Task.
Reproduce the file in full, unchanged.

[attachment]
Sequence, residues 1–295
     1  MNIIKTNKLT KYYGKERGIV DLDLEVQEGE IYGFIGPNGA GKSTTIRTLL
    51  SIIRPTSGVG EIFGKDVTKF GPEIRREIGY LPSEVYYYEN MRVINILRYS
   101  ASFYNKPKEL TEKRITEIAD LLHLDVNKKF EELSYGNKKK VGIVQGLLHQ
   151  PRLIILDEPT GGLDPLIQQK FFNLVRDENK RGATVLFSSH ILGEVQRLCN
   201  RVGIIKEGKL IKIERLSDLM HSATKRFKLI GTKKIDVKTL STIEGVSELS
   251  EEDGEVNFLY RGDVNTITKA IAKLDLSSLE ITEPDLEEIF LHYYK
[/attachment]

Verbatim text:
Sequence, residues 1–295
     1  MNIIKTNKLT KYYGKERGIV DLDLEVQEGE IYGFIGPNGA GKSTTIRTLL
    51  SIIRPTSGVG EIFGKDVTKF GPEIRREIGY LPSEVYYYEN MRVINILRYS
   101  ASFYNKPKEL TEKRITEIAD LLHLDVNKKF EELSYGNKKK VGIVQGLLHQ
   151  PRLIILDEPT GGLDPLIQQK FFNLVRDENK RGATVLFSSH ILGEVQRLCN
   201  RVGIIKEGKL IKIERLSDLM HSATKRFKLI GTKKIDVKTL STIEGVSELS
   251  EEDGEVNFLY RGDVNTITKA IAKLDLSSLE ITEPDLEEIF LHYYK